A potential impasse is looming between President Obama and Congress over the federal budget. It is possible that parts of the federal government will run out of money on March 4 and have to close. The White House is reactivating a program for managing a shutdown that was developed by President Reagan and used successfully by President Clinton in 1995-96 to win a protracted budget battle with Speaker Gingrich and the Republican House. The shutdown program will again be center stage in the next weeks, as Congress and the White House seek to attract public support for their budgetary policies.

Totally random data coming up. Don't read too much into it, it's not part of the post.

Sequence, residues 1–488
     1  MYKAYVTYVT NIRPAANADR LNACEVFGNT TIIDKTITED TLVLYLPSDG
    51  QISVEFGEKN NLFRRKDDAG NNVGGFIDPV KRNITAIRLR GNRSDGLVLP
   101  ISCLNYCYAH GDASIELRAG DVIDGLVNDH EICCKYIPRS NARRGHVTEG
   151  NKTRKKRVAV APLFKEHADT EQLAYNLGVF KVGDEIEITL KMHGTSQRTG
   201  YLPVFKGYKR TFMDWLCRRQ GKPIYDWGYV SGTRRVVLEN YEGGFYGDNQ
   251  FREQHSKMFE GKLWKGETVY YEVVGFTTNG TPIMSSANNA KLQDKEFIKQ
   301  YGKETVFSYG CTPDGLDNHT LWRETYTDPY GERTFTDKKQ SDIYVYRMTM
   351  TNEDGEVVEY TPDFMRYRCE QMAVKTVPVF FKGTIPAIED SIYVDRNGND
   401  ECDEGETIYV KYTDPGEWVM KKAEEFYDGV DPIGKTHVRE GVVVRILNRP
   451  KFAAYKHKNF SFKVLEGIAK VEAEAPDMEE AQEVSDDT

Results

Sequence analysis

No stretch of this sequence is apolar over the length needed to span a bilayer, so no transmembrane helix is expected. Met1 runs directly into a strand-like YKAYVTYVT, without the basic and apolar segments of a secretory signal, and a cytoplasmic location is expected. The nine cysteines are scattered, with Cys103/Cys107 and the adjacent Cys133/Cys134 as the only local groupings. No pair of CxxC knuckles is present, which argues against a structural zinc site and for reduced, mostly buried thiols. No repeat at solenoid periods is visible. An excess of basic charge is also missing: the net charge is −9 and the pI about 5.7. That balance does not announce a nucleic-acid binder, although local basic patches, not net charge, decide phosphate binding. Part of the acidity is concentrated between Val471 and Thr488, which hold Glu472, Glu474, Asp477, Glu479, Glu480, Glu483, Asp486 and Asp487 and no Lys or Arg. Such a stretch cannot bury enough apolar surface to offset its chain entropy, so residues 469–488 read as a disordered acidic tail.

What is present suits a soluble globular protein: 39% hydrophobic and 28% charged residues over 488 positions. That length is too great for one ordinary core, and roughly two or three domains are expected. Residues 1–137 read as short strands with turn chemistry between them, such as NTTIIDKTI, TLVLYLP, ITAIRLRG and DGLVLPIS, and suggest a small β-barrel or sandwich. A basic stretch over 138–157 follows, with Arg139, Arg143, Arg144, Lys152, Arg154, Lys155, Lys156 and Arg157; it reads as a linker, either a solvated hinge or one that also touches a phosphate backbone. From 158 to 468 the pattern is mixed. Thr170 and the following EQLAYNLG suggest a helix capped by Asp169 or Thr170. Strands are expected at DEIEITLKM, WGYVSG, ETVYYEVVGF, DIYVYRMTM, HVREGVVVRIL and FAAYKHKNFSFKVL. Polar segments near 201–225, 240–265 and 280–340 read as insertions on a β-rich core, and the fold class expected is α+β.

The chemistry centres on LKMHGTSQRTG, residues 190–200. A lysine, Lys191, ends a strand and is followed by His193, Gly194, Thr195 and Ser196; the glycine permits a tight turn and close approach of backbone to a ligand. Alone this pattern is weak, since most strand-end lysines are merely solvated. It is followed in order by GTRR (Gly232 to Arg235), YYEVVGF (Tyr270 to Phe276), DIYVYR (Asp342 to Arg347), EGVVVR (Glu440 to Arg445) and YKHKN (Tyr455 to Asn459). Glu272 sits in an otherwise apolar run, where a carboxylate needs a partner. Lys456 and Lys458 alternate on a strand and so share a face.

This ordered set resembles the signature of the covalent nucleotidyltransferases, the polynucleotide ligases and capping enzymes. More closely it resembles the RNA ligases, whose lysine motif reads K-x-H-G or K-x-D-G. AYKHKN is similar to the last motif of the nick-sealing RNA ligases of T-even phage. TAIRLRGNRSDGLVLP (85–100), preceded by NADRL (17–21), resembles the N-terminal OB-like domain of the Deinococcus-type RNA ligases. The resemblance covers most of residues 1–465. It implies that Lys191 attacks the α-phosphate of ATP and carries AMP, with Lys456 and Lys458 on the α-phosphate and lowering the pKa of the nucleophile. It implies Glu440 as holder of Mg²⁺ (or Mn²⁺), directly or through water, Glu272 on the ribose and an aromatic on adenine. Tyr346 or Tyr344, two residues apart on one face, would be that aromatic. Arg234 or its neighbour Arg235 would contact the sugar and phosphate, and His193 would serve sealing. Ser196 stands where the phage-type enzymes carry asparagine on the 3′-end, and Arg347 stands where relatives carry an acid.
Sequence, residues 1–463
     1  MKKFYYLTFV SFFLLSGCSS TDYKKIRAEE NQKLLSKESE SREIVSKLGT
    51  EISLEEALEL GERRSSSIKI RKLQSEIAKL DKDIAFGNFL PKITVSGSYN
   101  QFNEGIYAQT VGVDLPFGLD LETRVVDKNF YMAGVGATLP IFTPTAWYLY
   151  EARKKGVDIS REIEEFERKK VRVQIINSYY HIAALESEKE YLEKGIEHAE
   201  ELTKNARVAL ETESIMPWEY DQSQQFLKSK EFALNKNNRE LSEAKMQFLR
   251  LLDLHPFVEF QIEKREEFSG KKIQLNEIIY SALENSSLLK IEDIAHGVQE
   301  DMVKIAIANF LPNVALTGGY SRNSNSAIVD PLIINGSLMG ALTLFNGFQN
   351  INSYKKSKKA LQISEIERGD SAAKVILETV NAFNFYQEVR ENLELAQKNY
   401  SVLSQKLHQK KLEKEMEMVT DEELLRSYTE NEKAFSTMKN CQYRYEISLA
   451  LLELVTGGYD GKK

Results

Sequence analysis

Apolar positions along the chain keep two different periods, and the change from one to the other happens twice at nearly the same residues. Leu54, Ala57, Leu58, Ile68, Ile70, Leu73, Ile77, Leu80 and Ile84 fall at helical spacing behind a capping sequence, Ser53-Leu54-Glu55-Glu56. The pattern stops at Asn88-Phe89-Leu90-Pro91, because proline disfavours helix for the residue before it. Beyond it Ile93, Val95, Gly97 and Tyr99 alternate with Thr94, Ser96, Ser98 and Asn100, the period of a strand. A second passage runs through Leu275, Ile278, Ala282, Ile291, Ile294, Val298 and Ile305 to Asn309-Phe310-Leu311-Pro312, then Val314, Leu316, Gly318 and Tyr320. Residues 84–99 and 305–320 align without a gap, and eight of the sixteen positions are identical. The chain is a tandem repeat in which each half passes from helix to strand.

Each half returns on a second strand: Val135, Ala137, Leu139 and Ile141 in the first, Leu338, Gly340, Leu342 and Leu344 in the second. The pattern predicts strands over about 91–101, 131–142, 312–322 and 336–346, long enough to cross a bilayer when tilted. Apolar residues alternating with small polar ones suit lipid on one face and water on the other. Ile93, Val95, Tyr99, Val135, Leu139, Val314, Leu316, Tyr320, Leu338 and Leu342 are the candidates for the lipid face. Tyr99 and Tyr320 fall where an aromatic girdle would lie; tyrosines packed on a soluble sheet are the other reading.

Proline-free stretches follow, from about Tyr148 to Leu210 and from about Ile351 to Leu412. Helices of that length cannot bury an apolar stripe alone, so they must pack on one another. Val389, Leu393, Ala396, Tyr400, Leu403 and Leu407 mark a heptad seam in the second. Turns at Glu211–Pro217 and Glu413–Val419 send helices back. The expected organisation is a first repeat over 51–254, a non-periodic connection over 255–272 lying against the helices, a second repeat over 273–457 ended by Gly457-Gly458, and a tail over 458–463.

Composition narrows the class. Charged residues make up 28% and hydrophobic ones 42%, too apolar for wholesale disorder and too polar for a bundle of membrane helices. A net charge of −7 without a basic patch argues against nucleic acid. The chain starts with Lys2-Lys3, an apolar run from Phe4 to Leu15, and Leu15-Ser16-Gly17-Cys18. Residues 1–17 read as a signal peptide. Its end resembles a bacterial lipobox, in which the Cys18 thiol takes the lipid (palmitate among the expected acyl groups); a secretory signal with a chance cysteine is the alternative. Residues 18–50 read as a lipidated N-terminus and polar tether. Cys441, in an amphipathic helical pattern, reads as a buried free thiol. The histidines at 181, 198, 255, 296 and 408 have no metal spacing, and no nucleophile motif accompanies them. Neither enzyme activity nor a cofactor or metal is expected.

The governing principles were defined in a Jan. 1981 opinion that Attorney General Benjamin Civiletti wrote for President Carter. Under the Antideficiency Act, 31 U.S.C. ?1341, when annual appropriations for a federal program expire, it must cease operations and furlough its employees, unless: (1) the program has funding that covers multiple years; (2) it has authority to operate without appropriations, which includes taking steps necessary to protect human life and property; or (3) it has implied authority to pay employees to implement a function that has permanent spending authority (i.e., paying employees who generate Social Security checks, which are permanently authorized). If the program does not have such authorities, the agency may only undertake "reasonable" actions to shut down operations and put the function into cold storage.